2 Samuel 15:1-12
Joshua 21 – Cities and Pasturelands Allotted to Levi. Concerning the Lord’s command, pasturelands were allotted to the tribe of Levi. The pasturelands were used to raise livestock for “sacrifice”. The cities were the living quarters for the priests in each community. The Priests were not exonerated from working to feed themselves. So all of the promises that the Lord gave to the nation were fulfilled in the closing years of Joshua’s life.
Psalms 80 – Restore Us, O G-d. The Israelites, like all of mankind, lived an up and down spiritual life. In the times of the good kings, the people served the Lord wholeheartedly. When the evil kings and the one evil queen came to power, the people went with the flow. In the good times, the people served the gods of the world. When the bad times set in, they were humbled and changed the direction of their life. The question is, “How long will G-d put up with rebellion?”. Does He have limits? The answer to those questions is, that He does not put up with rebellion and gives us trouble in increasing amounts until we say “Uncle”; the problem is, many, including me, refused to listen until we reach the bottom. When we set our hearts on serving the Lord and are faithful to see our vows through, He will begin the healing process. Will we cry over our misgivings and be painfully reminded of those we hurt? Absolutely! Being restored does not mean everything is back as it was before our actions, it means a new course is charted.
Ecclesiastes 3:9-15 – The G-d-Given Task. Finding joy in our labors is sometimes difficult because we see the workload ahead of us. We have no control over our world and nor do we have “tomorrow”. So we are to make use of “today”. This is G-d’s enduring world, He made it, He watches over it, and He heals it. He is from all eternity, He has seen countless generations come and go, watched their foolishness, and admired their beauty. It is for these reasons that we need to serve him not our idols which are our jobs, our religion, and/or life.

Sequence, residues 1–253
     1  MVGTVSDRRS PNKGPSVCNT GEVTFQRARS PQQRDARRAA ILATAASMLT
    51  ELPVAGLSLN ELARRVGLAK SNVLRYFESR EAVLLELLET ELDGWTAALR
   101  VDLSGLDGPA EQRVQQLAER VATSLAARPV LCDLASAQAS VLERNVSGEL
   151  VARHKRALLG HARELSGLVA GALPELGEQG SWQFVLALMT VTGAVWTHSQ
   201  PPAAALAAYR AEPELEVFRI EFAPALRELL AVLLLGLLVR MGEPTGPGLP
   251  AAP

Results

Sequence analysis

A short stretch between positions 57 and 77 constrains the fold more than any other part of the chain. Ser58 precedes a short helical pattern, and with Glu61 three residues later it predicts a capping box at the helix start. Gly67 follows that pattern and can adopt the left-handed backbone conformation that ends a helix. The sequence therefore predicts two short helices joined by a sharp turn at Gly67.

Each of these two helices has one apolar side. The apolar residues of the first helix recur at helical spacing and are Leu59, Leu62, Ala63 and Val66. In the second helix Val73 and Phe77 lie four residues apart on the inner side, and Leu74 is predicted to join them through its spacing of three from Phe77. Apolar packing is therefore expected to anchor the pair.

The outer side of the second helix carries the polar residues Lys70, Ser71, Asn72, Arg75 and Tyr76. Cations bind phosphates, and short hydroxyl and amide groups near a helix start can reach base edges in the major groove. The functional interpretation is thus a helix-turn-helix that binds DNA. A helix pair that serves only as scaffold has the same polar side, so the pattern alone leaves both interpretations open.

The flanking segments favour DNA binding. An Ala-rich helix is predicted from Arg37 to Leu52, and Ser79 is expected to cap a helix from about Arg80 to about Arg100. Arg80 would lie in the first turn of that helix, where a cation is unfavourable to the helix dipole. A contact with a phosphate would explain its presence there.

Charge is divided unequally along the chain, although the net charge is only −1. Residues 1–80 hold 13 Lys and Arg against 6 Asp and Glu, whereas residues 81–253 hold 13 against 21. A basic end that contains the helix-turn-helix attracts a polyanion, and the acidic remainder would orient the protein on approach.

Isaiah 19:1-15 – An Oracle Concerning Egypt. In the ancient world, Egypt was a powerful kingdom and had many dealings with Israel (Egypt). In the time of Joseph Egypt opened its arms to welcome the Israelites in honor of Joseph. In the time of Moses, Egypt was the evil taskmaster. When the people left Egypt, they were commanded “do not go back to Egypt” but, the nation did not listen. At the time of this writing, the exile was about to come to fruition. When Babylon set out on conquest, it captured every kingdom in its wake that would include Egypt. The problems Egypt experienced started with Civil War. The Egyptians worshipped Pharaoh and their gods were mere idols to whom they brought their offerings. When the wars started, the people which included Pharaoh sought out guidance from their gods, necromancers, sorcerers, and mediums (1-3). The Nile is an ancient river that provides irrigation for the crops of Egypt for millennia. According to climatologists, the mighty Nile is drying up due to extreme drought and this prophecy was uttered over 3000 years ago. In essence, the Lord is taunting Egypt and yet challenging them to see who is G-d and who is not. The Israelites waited over 400 years before holding a prayer vigil before they were freed from Egypt. How long will you wait to be freed from your “Egypt”?
2 Samuel 15:1-12 – Absalom’s Conspiracy. If ever there was something that Joab regretted, it was bringing the young man Absalom back from exile. Absalom’s conspiracy was a “Grassroots movement” in that he first had 50 men run ahead of his chariot which made it seem like something big was about to happen. The reason for making his ostentatious claims was to impress the people and make it seem like “He would be the champion for the people”. Remember, these were simple, not learned people it was for this reason that they were referred to as “the sheep of the pasture” because they needed to be led and directed or they would listen to anything. David carefully led these people and did so with integrity until the time of Bathsheba. The people had no idea what Absalom was up to nor what kind of man he was all they had was an “empty promise”. The reason for going to Hebron was because it was where David first established his kingdom. This play was 4 years in the making and because nothing was done, it set the stage for the next Act.